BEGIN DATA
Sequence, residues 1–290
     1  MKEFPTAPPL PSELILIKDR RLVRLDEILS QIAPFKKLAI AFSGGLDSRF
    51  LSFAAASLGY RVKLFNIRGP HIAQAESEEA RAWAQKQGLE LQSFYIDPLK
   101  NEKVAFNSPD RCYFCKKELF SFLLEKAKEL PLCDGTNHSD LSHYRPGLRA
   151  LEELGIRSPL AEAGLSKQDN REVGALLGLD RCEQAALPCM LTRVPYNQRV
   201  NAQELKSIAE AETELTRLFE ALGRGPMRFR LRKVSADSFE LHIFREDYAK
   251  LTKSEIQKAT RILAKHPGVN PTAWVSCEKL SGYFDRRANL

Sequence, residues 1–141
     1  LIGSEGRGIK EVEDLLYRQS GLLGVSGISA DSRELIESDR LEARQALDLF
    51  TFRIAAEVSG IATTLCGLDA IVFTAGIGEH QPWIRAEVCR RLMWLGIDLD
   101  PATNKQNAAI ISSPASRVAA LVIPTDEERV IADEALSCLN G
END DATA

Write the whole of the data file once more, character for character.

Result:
Sequence, residues 1–290
     1  MKEFPTAPPL PSELILIKDR RLVRLDEILS QIAPFKKLAI AFSGGLDSRF
    51  LSFAAASLGY RVKLFNIRGP HIAQAESEEA RAWAQKQGLE LQSFYIDPLK
   101  NEKVAFNSPD RCYFCKKELF SFLLEKAKEL PLCDGTNHSD LSHYRPGLRA
   151  LEELGIRSPL AEAGLSKQDN REVGALLGLD RCEQAALPCM LTRVPYNQRV
   201  NAQELKSIAE AETELTRLFE ALGRGPMRFR LRKVSADSFE LHIFREDYAK
   251  LTKSEIQKAT RILAKHPGVN PTAWVSCEKL SGYFDRRANL

Sequence, residues 1–141
     1  LIGSEGRGIK EVEDLLYRQS GLLGVSGISA DSRELIESDR LEARQALDLF
    51  TFRIAAEVSG IATTLCGLDA IVFTAGIGEH QPWIRAEVCR RLMWLGIDLD
   101  PATNKQNAAI ISSPASRVAA LVIPTDEERV IADEALSCLN G